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Shake a leg From Dance Ten
Shake a leg From Dance Ten

Hot Shoe Dance Company’s ‘Dance Ten’ featured a variety of dance forms and well-choreographed pieces

There’s a dangerously thin line between a captivated audience and a captive one. At “Dance Ten”, performed this weekend by the Hot Shoe Dance Company, the audience’s mood constantly wavered between the two. One minute they were sighing in unison. Sweeping music flooded the auditorium. Dancers flounced and twirled and spun. Then suddenly, there were shifty looks for escape routes and desperate elbowing of blameless neighbours.

The show was, as always, beautifully choreographed and clearly meticulously worked upon. After all, Jeffrey Vardon, who heads the Hot Show Dance Company, based at the 02 gym, has a reputation for discipline. He has always ensured that his dancers are in peak condition before they get on stage. And he insists on rigorous, repeated practice till they get every bit of his usually complex choreography right.

So it is surprising that “Dance Ten” began almost 30 minutes late, without a word of apology or explanation to the audience. Fortunately, it also began well, with gorgeously perky music from Mynta, and dramatically dressed dancers, in glittering eye make-up and alluringly shiny costumes that changed colours under the light.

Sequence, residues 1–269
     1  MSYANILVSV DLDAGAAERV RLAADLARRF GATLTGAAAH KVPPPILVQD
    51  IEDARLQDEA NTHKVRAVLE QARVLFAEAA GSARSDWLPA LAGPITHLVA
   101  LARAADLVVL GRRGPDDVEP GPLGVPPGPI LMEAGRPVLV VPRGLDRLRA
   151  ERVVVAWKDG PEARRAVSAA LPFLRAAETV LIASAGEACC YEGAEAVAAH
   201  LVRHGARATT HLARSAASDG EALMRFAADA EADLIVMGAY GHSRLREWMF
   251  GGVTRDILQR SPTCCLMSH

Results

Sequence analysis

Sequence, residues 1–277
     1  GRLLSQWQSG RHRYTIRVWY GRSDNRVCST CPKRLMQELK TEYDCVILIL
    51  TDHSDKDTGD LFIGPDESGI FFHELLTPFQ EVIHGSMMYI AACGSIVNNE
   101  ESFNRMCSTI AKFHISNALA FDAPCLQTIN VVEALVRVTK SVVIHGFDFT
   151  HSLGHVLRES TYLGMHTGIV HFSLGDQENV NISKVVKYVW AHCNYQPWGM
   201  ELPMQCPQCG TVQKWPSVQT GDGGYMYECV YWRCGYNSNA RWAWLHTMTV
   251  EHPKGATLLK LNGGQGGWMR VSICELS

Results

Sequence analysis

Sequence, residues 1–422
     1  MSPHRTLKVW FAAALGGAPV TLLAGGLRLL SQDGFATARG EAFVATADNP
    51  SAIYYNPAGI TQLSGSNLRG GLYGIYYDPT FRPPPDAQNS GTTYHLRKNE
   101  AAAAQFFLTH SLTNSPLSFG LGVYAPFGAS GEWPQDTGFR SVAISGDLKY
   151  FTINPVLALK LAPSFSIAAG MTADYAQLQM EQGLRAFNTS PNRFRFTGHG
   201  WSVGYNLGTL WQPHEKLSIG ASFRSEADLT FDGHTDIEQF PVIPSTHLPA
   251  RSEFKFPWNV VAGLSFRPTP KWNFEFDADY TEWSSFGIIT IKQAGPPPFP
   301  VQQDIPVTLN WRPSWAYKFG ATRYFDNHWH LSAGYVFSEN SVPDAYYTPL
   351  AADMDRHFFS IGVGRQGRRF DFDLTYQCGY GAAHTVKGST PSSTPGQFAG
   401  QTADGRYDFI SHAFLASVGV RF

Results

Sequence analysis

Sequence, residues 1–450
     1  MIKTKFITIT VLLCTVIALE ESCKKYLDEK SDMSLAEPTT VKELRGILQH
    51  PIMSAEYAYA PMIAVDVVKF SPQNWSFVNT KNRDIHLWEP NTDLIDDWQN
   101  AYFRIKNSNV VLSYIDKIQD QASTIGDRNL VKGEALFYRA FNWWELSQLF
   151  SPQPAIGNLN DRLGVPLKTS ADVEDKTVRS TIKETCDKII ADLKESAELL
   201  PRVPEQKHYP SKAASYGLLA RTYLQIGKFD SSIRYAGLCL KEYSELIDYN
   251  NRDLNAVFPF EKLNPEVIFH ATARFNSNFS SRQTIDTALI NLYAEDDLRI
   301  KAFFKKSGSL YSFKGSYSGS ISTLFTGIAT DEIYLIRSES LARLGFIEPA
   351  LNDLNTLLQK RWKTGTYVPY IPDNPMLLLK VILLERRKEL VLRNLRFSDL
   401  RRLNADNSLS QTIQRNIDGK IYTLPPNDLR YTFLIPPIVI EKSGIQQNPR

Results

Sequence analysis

The performance, which spanned dance forms from all over the world, featured an interesting variety. There was a steamy Paso Doble set to Roxanne, complete with the smouldering glares and appropriately Prima Donna airs. Energetic jive, with really cute costumes and high-energy lifts and dips. And an interesting, intricate contemporary piece that used Bharathnatyam as a pivot. The highlights were an unusual, stylish shadow dance by the male members of the troupe, done behind the screen, which gradually blended into an attitude-packed chair dance by the girls. And a graceful modern ballet.

As far as the dancing was concerned, all the details were in place. The performers held their postures effortlessly, pointed their toes professionally and skimmed across the stage with astonishingly light feet.

Put together they should have created a show that swept the audience along, on a breathless, romantic ride across the world. Instead, the energy dipped despairingly thanks to an annoying rash of commercials between practically every sequence. It was a lot like watching television at home — without the potato chips. Or the ecstatic detergent plugs. Instead, there was a seemingly endless advertisement that droned on and on and on about a car, like an exceptionally tedious documentary. We heard about the air bags, the flowing curve lines, the ingenious front seat… We were also furnished with excruciating details about O2’s three gyms. And then, just in case we fell out of our seats with excitement and suffered short-term amnesia, they helpfully played the whole lot again.

As a result, the evening took a flabby three hours, losing much steam along the way, despite the Hot Shoe Dance Company’s best efforts.

Unfortunately, good dancing is not all it takes to make a dance production work. As Paris Hilton can tell you, these days, it’s all about the packaging.

SHONALI MUTHALALY

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